Falcons plan inclusive GM, head coach searches

Credit: D. Orlando Ledbetter

Falcons owner Arthur Blank and president Rich McKay discussing new direction of franchise after firings of coach Dan Quinn and GM Thomas Dimitroff.

Credit: D. Orlando Ledbetter

Over the past few seasons, the NFL’s hiring practices have come under scrutiny.

There has been a call for a more diverse and inclusive process for filling coaching and upper-management positions.

After the firing of general manager Thomas Dimitroff and coach Dan Quinn on Sunday, the Falcons will have the opportunity to lead the way to improve the NFL’s “abysmal” hiring record.

Under the expanded Rooney Rule, which is designed to increase diversity in coaching and staff positions, teams now must interview two minority candidates for the head coaching position.

The new rule was adopted by the owners in May.

Also, teams must interview at least one minority candidate for coordinator positions and one external candidate for front-office positions.

The NFL’s workplace-diversity committee and the competition committee submitted the proposal.

It’s noteworthy that Falcons owner Arthur Blank is on the workplace-diversity committee, which passed the original Rooney Rule in 2002. Falcons president and CEO Rich McKay is the chairman of the NFL’s powerful competition committee.

The Falcons say they plan to have an inclusive process.

“There are rules,” McKay said. “We welcome those rules. We intend to exceed those rules.”

The Falcons have a history of compliance, but have not hired a minority candidate as either head coach or general manager.

When Jim Mora was hired, he beat out Lovie Smith, who would go on to lead the Chicago Bears to the Super Bowl with Rex Grossman as his quarterback. Mora took the Falcons to a NFC title game before spinning out of control.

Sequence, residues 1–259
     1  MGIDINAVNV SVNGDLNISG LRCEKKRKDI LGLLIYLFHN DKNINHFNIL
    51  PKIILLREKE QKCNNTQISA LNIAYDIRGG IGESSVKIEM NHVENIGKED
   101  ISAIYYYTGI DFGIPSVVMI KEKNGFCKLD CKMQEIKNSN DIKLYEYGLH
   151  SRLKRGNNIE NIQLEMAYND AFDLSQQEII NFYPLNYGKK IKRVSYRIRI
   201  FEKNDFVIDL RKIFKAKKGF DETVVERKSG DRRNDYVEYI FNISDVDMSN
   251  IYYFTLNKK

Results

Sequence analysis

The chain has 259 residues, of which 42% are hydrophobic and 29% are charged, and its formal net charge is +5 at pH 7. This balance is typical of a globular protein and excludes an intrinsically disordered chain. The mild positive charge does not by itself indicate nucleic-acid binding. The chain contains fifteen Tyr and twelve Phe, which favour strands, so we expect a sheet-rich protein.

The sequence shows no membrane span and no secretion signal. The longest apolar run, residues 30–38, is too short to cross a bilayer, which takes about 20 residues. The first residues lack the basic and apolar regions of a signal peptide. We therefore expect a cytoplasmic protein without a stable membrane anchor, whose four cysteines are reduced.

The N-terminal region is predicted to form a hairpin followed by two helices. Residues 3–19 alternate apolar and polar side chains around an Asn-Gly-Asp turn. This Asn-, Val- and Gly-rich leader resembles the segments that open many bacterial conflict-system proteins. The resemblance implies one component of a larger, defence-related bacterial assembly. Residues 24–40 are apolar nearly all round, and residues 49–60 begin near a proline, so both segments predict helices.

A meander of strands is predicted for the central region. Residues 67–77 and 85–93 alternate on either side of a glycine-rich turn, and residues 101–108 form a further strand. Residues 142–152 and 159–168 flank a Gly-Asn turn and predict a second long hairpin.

When the Falcons hired Bobby Petrino, they passed on Jim Caldwell.

When Mike Smith was hired, he beat out Leslie Frazier.

When Dan Quinn was hired, Keith Armstrong and Todd Bowles were interviewed.

When Dimitroff was hired in 2008, he was selected over Reggie McKenzie. Both went on to win executive-of-the-year awards, Dimitroff in 2008 and 2010 and McKenzie in 2016.

“Arthur is an original member of the diversity committee that was formed way back in Paul Tagliabue’s day (2002) and created the Rooney Rule,” McKay said. “We know what those rules are. We respect them.”

The past few hiring cycles have been heavily criticized by the Fritz Pollard Alliance, which monitors league-wide hiring practices.

“The abysmal record of hiring people of color in high-ranking levels of NFL management is a reminder of the dark periods of civil rights history,” Fritz Pollard Alliance executive director Rod Graves said in January. “In 100 years of professional football, the NFL has moved from Fritz Pollard as its first African-American head coach in 1921 to four head coaches of color in 2020. The league has only one African-American general manager. There are no African-American club presidents.”

Some progress has been made.

Jason Wright has been named a president by the Washington Football Club. There are two new Black coaches, but they are interims in Romeo Crennel in Houston and Raheem Morris with the Falcons.

“We hope that there is some intentionality by teams in the interview process,” McKay said. “There certainly will be on our part. That will not be an issue for us.”

The hottest Black coaching candidates with extensive NFL experience are Kansas City offensive coordinator Eric Bieniemy and Tampa Bay offensive coordinator Byron Leftwich.

Other non-minority candidates include New England’s Josh McDaniels, Buffalo’s Brian Daboll, Colts' Matt Eberflus, Tennessee’s Arthur Smith, Saints defensive coordinator Dennis Allen and Baltimore’s Greg Roman.

Last season, Ron Rivera, who went to Washington, was the only minority coach hired. Two teams, Carolina and the New York Giants, took wild flyers. Carolina went with Matt Rhule, who was a college head coach at Baylor and Temple. The Giants hired Joe Judge, a special-teams coach, who is off to 0-5 start.

The Cowboys went the retread route and hired former Green Bay coach Mike McCarthy, who did have a Super Bowl to his credit.